Much of KM literature mention training within the context of developing organizational or employees’ competencies and creating KM awareness among employees in knowledge-based organizations, such as in Gorelick and Tantawy-Monson (2005), Hung et al. (2005), Nargund and Thomas (2007) and Psarras (2006).

There is also KM literature that focuses on KM training and education in the area of curriculum design such as in Al-Hawamdeh (2005), Al-Hawamdeh (2001), Chaudhry and Higgins (2003) and Mark, Philip and Vicky (2001). KM training and awareness courses are essential in order for staff to understand the KM development philosophy that the organization has adopted and are considered to be one of the key success factors for KM implementation (Jennex and Zakharova, 2005; KPMG, 2000).

Suggestions that KM training programs are essential for employees to become totally and intensely familiar with the organizational KM concepts are also highlighted in Akhavan, Jafari and Fathian (2006) and can be found in much of KM literature. Nevertheless, this type of training is more about KM familiarization activities for employees or knowledge workers as the organization moves towards becoming a knowledge-driven organization.

Newman (2002) argues that KM is a broad spectrum and identifying appropriate KM education or training is not a straightforward process as some employees might need specialized training in specific methods or practices or a fundamental understanding of principles of KM in general.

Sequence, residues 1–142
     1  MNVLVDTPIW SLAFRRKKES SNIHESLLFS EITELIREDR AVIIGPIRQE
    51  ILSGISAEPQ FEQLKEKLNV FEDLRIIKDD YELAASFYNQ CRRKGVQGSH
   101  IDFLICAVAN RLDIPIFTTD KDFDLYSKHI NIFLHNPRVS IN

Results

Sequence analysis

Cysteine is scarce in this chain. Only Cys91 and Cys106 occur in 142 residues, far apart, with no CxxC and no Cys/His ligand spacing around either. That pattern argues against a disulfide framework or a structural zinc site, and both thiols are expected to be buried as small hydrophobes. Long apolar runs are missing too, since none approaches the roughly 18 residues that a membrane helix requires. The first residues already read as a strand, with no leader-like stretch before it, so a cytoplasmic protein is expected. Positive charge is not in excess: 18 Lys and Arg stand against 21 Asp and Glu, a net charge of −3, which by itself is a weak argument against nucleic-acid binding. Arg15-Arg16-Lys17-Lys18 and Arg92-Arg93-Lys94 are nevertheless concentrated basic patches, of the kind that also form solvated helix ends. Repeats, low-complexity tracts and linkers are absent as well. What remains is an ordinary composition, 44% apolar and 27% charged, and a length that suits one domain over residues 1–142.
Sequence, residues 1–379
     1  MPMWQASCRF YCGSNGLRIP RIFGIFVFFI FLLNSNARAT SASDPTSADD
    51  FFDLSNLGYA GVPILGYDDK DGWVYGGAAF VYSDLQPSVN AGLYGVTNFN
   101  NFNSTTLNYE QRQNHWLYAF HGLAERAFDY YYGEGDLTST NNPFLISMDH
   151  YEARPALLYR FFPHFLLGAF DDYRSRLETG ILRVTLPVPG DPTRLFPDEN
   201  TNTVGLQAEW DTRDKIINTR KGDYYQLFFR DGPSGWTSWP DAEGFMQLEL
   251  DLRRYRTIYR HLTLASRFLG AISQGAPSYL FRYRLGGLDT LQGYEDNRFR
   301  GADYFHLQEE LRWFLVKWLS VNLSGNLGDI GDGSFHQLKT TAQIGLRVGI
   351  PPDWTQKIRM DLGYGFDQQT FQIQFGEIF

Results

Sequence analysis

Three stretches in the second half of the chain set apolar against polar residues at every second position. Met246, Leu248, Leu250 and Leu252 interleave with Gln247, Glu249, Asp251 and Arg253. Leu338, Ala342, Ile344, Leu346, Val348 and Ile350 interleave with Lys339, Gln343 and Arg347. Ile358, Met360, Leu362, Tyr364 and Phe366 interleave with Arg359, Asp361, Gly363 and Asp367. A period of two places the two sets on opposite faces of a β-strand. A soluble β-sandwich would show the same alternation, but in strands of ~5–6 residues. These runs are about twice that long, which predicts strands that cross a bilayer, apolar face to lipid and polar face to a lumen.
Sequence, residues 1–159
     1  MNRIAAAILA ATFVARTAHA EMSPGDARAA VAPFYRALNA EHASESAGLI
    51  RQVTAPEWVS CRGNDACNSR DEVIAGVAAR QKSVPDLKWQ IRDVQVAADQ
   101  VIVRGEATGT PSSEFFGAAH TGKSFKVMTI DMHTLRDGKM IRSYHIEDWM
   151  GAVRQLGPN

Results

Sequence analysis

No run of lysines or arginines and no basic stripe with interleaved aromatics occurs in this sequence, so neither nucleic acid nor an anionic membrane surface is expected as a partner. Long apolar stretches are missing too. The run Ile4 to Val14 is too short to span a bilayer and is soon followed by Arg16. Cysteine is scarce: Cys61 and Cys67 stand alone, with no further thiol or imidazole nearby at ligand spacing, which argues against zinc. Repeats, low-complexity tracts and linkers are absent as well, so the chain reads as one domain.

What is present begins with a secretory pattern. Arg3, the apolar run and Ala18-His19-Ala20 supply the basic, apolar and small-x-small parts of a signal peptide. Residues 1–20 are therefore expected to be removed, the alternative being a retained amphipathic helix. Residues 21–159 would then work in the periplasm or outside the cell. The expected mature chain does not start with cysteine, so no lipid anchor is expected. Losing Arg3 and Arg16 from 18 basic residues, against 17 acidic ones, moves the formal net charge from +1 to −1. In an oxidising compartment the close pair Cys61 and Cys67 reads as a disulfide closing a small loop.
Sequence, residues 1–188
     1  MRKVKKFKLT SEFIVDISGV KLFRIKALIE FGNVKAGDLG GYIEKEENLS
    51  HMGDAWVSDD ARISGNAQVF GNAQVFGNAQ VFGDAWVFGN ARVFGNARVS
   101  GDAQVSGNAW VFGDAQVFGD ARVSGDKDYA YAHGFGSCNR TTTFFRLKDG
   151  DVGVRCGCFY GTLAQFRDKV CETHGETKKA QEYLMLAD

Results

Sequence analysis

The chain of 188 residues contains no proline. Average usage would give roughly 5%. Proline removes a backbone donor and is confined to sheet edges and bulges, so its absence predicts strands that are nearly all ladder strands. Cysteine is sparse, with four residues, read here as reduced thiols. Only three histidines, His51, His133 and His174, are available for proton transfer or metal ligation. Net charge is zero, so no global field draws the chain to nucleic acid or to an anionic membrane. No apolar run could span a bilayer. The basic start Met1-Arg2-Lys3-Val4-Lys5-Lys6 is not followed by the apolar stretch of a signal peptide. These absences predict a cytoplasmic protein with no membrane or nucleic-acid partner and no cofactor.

Based on that reason, it is important for individuals or organizations to understand which training is appropriate in improving their KM skills and would help them to perform their KM tasks.  


Since the focus of this study is to gain insight into KM managers’ interpretations and attitudes towards KM training, this research tries to go in-depth within the context of KM practitioners’ social interactions and experience of KM managers who are involved in KM initiatives. 

Since social science research is about the study of human beings, instead of ‘objects’ as in natural science, the interpretive paradigm with the qualitative research approach is adopted to achieve the research objectives.

KM managers’ interpretations of KM competencies were interpreted as a process of sense-making in the KM social setting. Benton and Craib (2001) state that, in social science, since human beings are not the same as ‘objects’ of chemistry and physics, the study involves a more complex setting.  A qualitative approach has been chosen as the strategy has the potential to produce data from KM managers’ natural setting. 

In this context, as it involves ‘people’ — the KM managers interpret their KM experience and attach meaning to what is going throughout their involvement in KM initiatives. Following this context, this study is exploring and assessing the managers’ KM experiences in relation to KM competencies and the implication on their attitudes towards KM-related training.